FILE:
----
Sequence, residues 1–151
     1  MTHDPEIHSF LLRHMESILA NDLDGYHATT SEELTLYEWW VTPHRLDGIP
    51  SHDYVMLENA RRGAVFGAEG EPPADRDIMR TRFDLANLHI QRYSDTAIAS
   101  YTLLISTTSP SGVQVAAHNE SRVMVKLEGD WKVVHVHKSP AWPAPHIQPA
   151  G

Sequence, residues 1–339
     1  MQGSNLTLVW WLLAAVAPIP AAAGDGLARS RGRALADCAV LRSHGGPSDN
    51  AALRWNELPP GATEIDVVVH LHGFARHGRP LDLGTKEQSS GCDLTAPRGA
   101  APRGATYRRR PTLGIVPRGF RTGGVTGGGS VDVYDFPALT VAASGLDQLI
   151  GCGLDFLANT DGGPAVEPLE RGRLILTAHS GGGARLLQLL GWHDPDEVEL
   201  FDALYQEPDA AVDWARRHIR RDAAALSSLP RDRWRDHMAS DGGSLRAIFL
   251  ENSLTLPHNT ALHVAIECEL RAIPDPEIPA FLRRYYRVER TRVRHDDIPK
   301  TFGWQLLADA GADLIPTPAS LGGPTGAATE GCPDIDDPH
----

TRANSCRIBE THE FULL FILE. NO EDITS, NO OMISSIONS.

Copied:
Sequence, residues 1–151
     1  MTHDPEIHSF LLRHMESILA NDLDGYHATT SEELTLYEWW VTPHRLDGIP
    51  SHDYVMLENA RRGAVFGAEG EPPADRDIMR TRFDLANLHI QRYSDTAIAS
   101  YTLLISTTSP SGVQVAAHNE SRVMVKLEGD WKVVHVHKSP AWPAPHIQPA
   151  G

Sequence, residues 1–339
     1  MQGSNLTLVW WLLAAVAPIP AAAGDGLARS RGRALADCAV LRSHGGPSDN
    51  AALRWNELPP GATEIDVVVH LHGFARHGRP LDLGTKEQSS GCDLTAPRGA
   101  APRGATYRRR PTLGIVPRGF RTGGVTGGGS VDVYDFPALT VAASGLDQLI
   151  GCGLDFLANT DGGPAVEPLE RGRLILTAHS GGGARLLQLL GWHDPDEVEL
   201  FDALYQEPDA AVDWARRHIR RDAAALSSLP RDRWRDHMAS DGGSLRAIFL
   251  ENSLTLPHNT ALHVAIECEL RAIPDPEIPA FLRRYYRVER TRVRHDDIPK
   301  TFGWQLLADA GADLIPTPAS LGGPTGAATE GCPDIDDPH